― Lynne Friedman-Gell and Joanne Barron, 2020, pg.85
What is Affect Regulation?
Affect regulation and its inverse “Affect Dysregulation”, in basic terms, means our ability to manage and appropriately respond to our experience of emotions, remaining in the window of tolerance (see below).. It refers to the ability to experience intense positive and negative “affects” or moods, without having our feelings become hijacked, becoming overwhelmed or employing protective strategies such as numbing, dissociation, alcohol/drugs, or other defenses.
For those of us who suffer from underlying trauma, affect regulation deficits will often need to be an initial focus of treatment. Therapy that specifically targets affect regulation is designed to help you develop the ability to experience and respond to emotions in healthier ways.
To this aim, we learn that our goal is to stay present within the “Window of tolerance”.
Window of Tolerance
This term, coined by Dan Siegel is used to understand the effects of stress on our nervous system, and common brain or body reactions. The idea is that there is an optimal level of arousal within which we can effectively process and integrate our experiences. We may experience stressful situations or emotions—hurt, anxiety, pain, anger—that threatens to take us out of that window, although generally we are able to stay regulated.
Disruptions in our early attachment put this ability at risk, as our senses are heightened and our window of tolerance becomes constricted. We may find ourselves bouncing between hyperarousal and hypoarousal at opposite ends of the spectrum, feeling chronically stressed, tense, anxious and overwhelmed at one end, or numb, deadened, and depressed on the other or remain stuck in high or stuck in low.
In addition to disruptions in attachment, without proper training, we also may not know we have the ability to experience our emotions in a healthy way. When we’re young, often we’re told messages meant to calm us that typically do anything but: “just get over it”, or “stop crying, you’re fine”. When our caregivers don’t acknowledge or soothe our emotions, rarely do we develop the skills to do so ourselves.
As a result, we may “rise” into states of high anxiety, hypervigilance, anger, rage, distress, dysregulation, or fall into states of dysphoria, depression, dissociation, and freeze. While these symptoms and the trauma we experience may be out of our control, the skills to manage and regulate these emotions can be learned and mastered through affect regulation therapy.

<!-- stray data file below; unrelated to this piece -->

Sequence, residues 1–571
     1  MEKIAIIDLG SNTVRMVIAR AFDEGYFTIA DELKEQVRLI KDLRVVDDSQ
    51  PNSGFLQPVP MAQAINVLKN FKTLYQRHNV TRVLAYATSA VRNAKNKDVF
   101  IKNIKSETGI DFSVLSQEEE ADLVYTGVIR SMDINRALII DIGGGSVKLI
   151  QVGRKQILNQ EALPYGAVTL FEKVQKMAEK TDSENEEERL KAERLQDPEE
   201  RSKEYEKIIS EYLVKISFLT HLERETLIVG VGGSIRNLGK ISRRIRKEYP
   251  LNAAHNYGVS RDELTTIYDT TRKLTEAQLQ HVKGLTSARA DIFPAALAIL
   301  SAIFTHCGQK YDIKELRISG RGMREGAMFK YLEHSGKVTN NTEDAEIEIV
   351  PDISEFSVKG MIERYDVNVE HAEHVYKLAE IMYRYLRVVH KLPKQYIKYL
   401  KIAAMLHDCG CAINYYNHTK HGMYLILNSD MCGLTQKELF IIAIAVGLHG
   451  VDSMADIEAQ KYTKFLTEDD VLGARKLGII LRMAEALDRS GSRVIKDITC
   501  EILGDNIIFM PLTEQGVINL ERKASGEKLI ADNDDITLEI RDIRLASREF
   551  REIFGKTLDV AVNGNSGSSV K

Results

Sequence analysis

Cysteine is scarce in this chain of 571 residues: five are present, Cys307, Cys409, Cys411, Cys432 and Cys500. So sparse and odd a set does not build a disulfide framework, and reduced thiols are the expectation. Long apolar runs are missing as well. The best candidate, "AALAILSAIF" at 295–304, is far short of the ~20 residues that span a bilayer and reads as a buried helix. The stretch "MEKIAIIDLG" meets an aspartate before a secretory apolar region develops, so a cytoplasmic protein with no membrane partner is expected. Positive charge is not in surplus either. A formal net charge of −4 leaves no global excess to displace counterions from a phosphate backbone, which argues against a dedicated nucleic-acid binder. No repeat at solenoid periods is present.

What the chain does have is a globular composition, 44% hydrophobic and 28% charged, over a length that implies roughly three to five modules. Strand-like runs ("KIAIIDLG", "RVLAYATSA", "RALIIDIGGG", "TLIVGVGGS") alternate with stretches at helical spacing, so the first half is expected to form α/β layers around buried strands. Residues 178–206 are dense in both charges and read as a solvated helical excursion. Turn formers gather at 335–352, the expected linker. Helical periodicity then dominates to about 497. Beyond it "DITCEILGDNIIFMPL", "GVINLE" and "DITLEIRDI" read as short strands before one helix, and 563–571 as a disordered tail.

How Therapy Can Help
At Trauma and Beyond ®, we use affect regulation therapy to help our clients develop the skills they need in order to achieve the capacity to regulate their emotions.
There are many different approaches to provide affect regulation therapy and to teach clients how to self-regulate their emotions. Body-focused approaches in particular, such as Somatic Experiencing, TRM, Sensorimotor Psychotherapy and DBT can be helpful in working to regulate the nervous system and increase resilience in clients.
How Can Affect Regulation Help?
If you are having trouble regulating your emotional output, affect regulation therapy might be the best path for you.
People engage in different emotional regulation strategies when they try to deal with their emotions. These different strategies impact their feelings, emotional well-being, and even their close relationships. The skill of affect regulation is required in order to be able to stay present, and to stay within the window of tolerance.
With the ability to manage your emotions, you are much more likely to seek out new experiences, challenge yourself, and follow your dreams. What’s more, clients that once felt like a stranger in and a victim to their body can feel at peace, perhaps even for the first time in their lives.
It’s amazing what affect regulation therapy can help you achieve once you learn the power of emotional self-regulation!
Am I dysregulated?
- Do you find yourself facing mood swings on a regular basis?
- Do your reactions tend to be immediate and extreme?
- Are you familiar with the fluctuations of moving between states of numbness and states of agitation?
- Does stress cause you to feel panicked, agitated or angry?
- When faced with difficult emotions do you withdraw, feeling numb, go blank?
- Do you feel “on edge”, anxious, or have trouble turning off your mind at night?
- Have you had a traumatic experience that you feel shapes the way you deal with your emotions?
- When you feel stressed, do you react by becoming lethargic, pushing off responsibilities because you’re too emotionally overwhelmed?Or do you become panicky, uneasy and hypervigilant?